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Girls in West Africa offered into sexual slavery as ‘wives of gods’

By: Wisdom Mensah, University of West Florida

File 20181022 105751 1mc7bfs.jpg?ixlib=rb 1.1
In certain communities in Benin, Togo and Ghana, young virgin girls are sent to atone for their family’s wrongdoing.
Linda De Volder/Flickr

 

There are global efforts fighting modern slavery, but one traditional system is still holding strong in West Africa: Trokosi. The Conversation Africa’s Moina Spooner spoke to Wisdom Mensah about the system and what can be done to finally put a stop to it.

What is Trokosi?

Trokosi is a traditional system where virgin girls, some as young as six years old, are sent into Troxovi shrines (shrines for gods) as slaves to make amends for wrongs committed by a member of the virgin girl’s family. Until the Trokosi system came to the attention of the general public in the 1990s, girls sent to the shrines stayed for life. After the 90’s some of the priests and elders were willing to let the girls go back home after a few years, for a few months, but had to return whenever they were sent for. When they die, the family must replace her with another virgin girl. This means that the family will pay reparation, of one girl, forever.

The Trokosi system is based on the belief that gods have the power to search for wrongdoers and punish them. People who feel an injustice has been committed against them, go to the shrine and place a curse on the offender so that they will be punished by the gods. These curses take several forms, strange sicknesses, unexplained deaths, incurable diseases or successive deaths within a family.

When the virgin girls are sent to the shrines, they become the “wives of the gods” and are sexually exploited by the priests and shrine elders. The shrine priest is the spiritual head of the shrine and “proxy for the gods” while clansmen can be appointed as elders of the shrine. The girls are forced to work in any capacity that suits these priests and elders – for instance, on their farms.

If there are children born out of the relationship with them, they become the responsibility of the virgin girls’ family.

The Trokosi girls live in constant hunger, deprivation, and poverty.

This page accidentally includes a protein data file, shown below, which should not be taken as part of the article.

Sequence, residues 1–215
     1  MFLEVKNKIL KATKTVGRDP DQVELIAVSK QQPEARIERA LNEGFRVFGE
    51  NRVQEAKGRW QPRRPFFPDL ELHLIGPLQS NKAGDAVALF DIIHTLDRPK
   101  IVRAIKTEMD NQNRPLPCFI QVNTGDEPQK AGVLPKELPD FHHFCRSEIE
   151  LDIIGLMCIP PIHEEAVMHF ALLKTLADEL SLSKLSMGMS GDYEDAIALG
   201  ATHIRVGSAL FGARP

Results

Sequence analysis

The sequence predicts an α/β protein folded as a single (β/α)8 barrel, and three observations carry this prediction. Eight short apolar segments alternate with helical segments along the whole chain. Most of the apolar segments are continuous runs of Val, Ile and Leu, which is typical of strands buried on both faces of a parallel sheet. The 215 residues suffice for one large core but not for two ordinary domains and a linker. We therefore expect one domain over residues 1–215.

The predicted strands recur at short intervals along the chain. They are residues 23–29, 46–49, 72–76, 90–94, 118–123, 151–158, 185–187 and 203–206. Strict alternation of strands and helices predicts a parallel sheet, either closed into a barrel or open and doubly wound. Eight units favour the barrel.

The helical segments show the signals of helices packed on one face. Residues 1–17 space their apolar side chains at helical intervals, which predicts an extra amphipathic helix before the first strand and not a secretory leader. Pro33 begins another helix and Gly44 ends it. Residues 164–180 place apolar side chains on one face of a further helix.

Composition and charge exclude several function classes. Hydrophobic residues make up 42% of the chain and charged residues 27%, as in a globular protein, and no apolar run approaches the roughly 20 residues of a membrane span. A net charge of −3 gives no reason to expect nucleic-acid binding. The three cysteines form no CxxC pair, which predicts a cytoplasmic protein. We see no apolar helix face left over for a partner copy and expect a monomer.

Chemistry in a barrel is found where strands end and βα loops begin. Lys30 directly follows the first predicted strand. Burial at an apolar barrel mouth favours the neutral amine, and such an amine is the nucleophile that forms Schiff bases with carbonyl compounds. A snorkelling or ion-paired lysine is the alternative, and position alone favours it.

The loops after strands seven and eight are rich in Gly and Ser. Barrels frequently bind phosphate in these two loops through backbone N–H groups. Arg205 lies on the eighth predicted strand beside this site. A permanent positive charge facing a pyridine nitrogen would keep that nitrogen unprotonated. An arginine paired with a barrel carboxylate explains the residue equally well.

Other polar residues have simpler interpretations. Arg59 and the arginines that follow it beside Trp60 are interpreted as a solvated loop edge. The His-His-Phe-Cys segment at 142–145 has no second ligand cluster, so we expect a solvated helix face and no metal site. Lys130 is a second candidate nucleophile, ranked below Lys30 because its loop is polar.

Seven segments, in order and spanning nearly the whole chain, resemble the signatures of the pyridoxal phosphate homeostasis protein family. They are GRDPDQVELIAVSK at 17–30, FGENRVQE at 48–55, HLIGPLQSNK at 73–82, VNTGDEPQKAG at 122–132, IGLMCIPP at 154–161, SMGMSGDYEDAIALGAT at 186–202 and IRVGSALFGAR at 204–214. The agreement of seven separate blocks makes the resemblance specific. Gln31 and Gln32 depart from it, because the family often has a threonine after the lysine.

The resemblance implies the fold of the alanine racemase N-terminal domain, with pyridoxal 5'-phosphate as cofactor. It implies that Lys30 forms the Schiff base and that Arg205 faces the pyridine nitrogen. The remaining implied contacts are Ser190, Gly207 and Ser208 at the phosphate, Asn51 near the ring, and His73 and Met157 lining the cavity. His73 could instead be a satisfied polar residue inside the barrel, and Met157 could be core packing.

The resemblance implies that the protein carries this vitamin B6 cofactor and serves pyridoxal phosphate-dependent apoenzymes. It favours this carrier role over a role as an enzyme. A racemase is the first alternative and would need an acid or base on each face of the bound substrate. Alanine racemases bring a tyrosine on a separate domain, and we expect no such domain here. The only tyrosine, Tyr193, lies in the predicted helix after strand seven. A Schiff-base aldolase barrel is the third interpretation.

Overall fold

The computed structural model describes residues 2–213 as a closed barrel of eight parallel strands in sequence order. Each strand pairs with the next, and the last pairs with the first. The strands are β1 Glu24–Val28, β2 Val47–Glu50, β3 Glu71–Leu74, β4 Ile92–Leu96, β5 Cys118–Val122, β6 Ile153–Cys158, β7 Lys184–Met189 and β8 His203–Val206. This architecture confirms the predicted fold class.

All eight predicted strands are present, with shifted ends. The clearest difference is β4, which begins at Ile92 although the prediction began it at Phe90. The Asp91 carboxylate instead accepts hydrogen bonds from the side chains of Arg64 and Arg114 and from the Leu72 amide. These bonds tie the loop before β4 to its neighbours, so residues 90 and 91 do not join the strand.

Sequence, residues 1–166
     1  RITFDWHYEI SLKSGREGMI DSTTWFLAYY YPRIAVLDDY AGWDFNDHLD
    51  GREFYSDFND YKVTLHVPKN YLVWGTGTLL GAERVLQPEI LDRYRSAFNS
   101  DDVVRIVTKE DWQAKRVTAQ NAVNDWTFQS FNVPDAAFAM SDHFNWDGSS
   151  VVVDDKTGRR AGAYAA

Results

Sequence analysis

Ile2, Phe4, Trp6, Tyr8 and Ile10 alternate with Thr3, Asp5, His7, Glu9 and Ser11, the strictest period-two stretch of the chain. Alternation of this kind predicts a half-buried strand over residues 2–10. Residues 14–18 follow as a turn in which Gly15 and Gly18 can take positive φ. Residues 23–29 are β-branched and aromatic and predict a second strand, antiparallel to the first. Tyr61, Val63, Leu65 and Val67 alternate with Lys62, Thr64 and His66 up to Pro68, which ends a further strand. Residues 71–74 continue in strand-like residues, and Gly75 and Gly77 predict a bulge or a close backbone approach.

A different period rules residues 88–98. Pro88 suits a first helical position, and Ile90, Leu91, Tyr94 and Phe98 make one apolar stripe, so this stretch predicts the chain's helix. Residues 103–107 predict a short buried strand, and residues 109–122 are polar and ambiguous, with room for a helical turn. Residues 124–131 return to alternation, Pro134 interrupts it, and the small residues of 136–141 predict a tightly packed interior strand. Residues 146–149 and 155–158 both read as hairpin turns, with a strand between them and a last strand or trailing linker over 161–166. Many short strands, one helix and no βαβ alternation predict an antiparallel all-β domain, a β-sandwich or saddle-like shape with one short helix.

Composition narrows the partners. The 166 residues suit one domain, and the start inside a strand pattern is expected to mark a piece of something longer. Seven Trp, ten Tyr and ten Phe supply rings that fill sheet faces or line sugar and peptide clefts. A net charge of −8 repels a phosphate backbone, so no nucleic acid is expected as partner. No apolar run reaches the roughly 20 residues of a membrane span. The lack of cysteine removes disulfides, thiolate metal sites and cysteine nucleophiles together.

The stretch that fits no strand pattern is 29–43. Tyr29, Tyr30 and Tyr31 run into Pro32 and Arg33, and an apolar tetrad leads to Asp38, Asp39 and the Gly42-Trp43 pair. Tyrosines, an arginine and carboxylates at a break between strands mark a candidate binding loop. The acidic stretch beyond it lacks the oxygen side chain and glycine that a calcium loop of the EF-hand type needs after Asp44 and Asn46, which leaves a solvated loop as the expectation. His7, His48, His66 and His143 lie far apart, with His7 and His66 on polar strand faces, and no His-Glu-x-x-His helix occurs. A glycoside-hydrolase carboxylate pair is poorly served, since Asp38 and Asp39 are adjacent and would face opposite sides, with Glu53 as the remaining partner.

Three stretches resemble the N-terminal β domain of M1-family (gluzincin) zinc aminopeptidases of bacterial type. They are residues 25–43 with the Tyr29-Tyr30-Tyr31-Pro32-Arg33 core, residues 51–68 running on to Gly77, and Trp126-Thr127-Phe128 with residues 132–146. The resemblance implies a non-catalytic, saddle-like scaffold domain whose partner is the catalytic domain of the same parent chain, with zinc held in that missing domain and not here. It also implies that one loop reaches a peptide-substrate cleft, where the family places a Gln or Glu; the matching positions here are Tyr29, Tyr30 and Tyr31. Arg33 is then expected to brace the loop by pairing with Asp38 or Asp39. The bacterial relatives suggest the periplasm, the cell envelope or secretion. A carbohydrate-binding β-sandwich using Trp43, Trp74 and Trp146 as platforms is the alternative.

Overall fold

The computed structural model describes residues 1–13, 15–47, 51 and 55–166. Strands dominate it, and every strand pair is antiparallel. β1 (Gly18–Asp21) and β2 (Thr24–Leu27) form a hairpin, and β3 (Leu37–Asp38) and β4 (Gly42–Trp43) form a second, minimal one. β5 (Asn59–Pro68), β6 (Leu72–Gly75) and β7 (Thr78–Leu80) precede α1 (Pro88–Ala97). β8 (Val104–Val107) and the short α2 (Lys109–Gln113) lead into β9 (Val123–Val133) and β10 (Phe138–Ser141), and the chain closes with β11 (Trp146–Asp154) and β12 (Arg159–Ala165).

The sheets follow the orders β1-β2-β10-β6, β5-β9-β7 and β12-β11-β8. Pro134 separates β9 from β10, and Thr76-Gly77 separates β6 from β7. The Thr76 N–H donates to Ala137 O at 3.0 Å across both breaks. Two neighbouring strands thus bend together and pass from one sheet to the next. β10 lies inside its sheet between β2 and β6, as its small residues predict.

How prevalent is it and where is it practised?

It’s not sure when Trokosi systems began, but it’s an ancient practice. The word Trokosi comes from the Ewe language, Ewe communities found in Benin, Togo and Ghana. It’s a combination of two Ewe words “tro” and “kosi.” “Tro” means god or deity, and “kosi” means slave. Trokosi therefore means “slave of God.”

Most of the people that live in the southern Volta Region of Ghana, southern Togo, and southern Benin believe and practice the Trokosi system. I was involved in the liberation campaign of the Trokosis in the 1990s, and by 2002, 4,000 women and children from 52 shrines were liberated.

Why has it been a challenge for governments to end it?

In 1998 the Ghanaian government passed a law criminalising the Trokosi practice.

Despite this, it continued because governmental agencies responsible for enforcing the law didn’t have the courage to arrest the family members, priests or shrine owners. The system invokes fear in the hearts of most people including the law enforcement personnel.

Trokosi practising communities strongly believe in the power of gods to cause calamities to families. Trokosi priests ensure they are reminded of this by issuing warnings that they must send their virgin girls as objects of reparation.

The practice also thrives because there’s a group of traditionalists, mostly male, who strongly believe that Trokosi is part of the Ewe’s cultural heritage and must be preserved. They therefore oppose every attempt to stop the practice.

What other approaches should be tried?

Over the past two decades, Ghana’s human rights commission and various NGOs adopted different intervention approaches to end the practice. The strategies which worked best included:

  • Joint campaigns involving both NGOs and Ghana’s commission on human rights
  • Encouraging Trokosi priests and elders to accept other objects of reparation, instead of people. For instance, several shrines have modernised the practice by replacing virgin girls with cows as objects of reparation.
  • Negotiations with priests and shrine elders to set slaves free and sign legal documents to ensure they won’t go back to the practice. In exchange they receive a package that will help them generate income, replacing the loss of human capital. For instance, a number of cows that they can breed.
  • Whilst the Trokosi women are still enslaved they can be provided with vocational skills training. They gain much needed skills which will help them generate income and support their children in the future – and it also creates some distance between them and the shrine as they attend the training in centres every day. Once free, the women need micro-financing and also emotional and mental support.
  • Finally, since this issue is a gross human rights violation against women and children, the International Community should put pressure on the government and people of Ghana to enforce the 1998 law making the Trokosi practice a crime. If pressure is brought by international organisations such as the United Nations, African Union, ECOWAS, European Union etc. the practice of Trokosi in West Africa can be brought to an end quickly.The Conversation

Wisdom Mensah, Visiting Instructor, University of West Florida

This article is republished from The Conversation under a Creative Commons license. Read the original article.

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